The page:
Between the World and Me
by Ta-Nehisi Coates
So 2016 proved to be a bit of a wake-up call for me in terms of politics and social justice. We have some serious problems in the US, regarding unjust inequality of human respect and public safety in addition to inequalities of income, access to education, access to healthcare, and access to overall opportunities.
I’ve come to the realization that it’s a sign of just how sheltered I’ve been that 2016 was a wake-up call rather than just another demonstration of what the world can be like. It was time and past for me to expand my horizons and get out of my comfort zone.
Ta-Nehisi Coates is only a couple of years older than me and this book is about his experience with being black in a white society. I’m white in a white society and thus a lot of racial issues are nearly invisible to me. I am not at all the intended audience for this book: he writes it as a black man to his black son about his experience with the way their blackness is seen by society. It is beautifully written and it’s an honor to be be allowed to read this somewhat intimate letter from a father to his son about his fears and hurts and anger.
It reminded me of Why Are They Angry With Us?, another book I highly recommend, but while that book was academic and intended for a general audience, Between the World and Me is very personal and intended for a specific audience of one, possibly expanded to include all young black men.
I’m glad I listened to it as an audio book rather than trying to read it as text. Coates reads it himself, which I always appreciate in audio books. But the real benefit of audio books is that they don’t stop unless you actively push the pause button. I found it a difficult book to hear but that very difficulty is what makes it all the more important that I listen.
Captain America: Civil War
All three of us blog writers went to go see the third Captain America movie together, and I have thoughts. Actually, I had thoughts (concerns) before we even went. I didn’t follow the Civil War event in the comic books, but I knew the basic gist is that there is a growing political movement for putting superheroes under some kind of government control, and the Avengers become split between Iron Man supporting that movement, and Captain America against it.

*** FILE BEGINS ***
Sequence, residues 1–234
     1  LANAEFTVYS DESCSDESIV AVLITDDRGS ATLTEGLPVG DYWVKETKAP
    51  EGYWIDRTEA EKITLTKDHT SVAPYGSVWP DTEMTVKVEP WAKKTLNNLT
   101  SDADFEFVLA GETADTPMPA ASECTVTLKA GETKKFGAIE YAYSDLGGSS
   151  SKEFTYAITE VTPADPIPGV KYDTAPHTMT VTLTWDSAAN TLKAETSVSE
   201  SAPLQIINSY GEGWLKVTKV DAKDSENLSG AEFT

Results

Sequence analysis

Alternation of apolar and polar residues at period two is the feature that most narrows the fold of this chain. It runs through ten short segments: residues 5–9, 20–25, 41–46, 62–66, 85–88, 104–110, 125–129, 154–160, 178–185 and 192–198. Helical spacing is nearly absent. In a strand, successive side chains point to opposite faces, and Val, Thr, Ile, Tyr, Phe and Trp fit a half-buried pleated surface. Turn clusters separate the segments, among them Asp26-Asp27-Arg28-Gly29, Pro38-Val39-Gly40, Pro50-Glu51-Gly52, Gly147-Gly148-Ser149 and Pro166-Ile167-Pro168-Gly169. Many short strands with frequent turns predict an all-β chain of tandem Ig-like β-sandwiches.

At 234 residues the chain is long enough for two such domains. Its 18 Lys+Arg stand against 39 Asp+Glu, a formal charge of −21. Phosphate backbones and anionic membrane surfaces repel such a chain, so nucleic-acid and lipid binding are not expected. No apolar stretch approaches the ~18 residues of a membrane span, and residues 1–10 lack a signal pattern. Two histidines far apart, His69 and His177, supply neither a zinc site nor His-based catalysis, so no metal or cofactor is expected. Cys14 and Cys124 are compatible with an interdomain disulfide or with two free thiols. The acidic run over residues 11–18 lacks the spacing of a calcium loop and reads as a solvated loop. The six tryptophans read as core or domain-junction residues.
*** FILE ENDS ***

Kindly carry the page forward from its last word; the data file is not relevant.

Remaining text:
I think it is a nice touch to make the most outwardly patriotic character still have concerns about political overreach, but I simply couldn’t wrap my mind around how Tony Stark, who wasn’t even willing to register his mechanical suit with the government in the first Iron Man movie, would take a pro-registration stance. In fact, I’d always thought Tony Stark sort of represented the classic Republican stance of financial independence, corporate freedom, and small government. It made me wonder if this movie would actually be a bit of a commentary on how the Republican Party itself has shifted in ideology.
And, then I saw the movie, and I’m even more confused. I wish I could have taken notes in the theater because I vehemently disagreed with basically everything that any of the characters said, and now I can’t actually remember any of the arguments. However, when trying to write this up, I tracked down some of the transcribed argument, and reading it didn’t make any more sense. It felt a little like when I was reading Atlas Shrugged, and the supposed ‘liberal’ characters made bizarre straw men arguments that I’d never heard an actual liberal make.
After much discussion with Rebecca, I think I have a basic grasp on the two sides, boiled way down and largely guesstimated from some very overwrought dialogue (clearly, this includes spoilers, but only for the most stupid and boring parts of the movie): Continue reading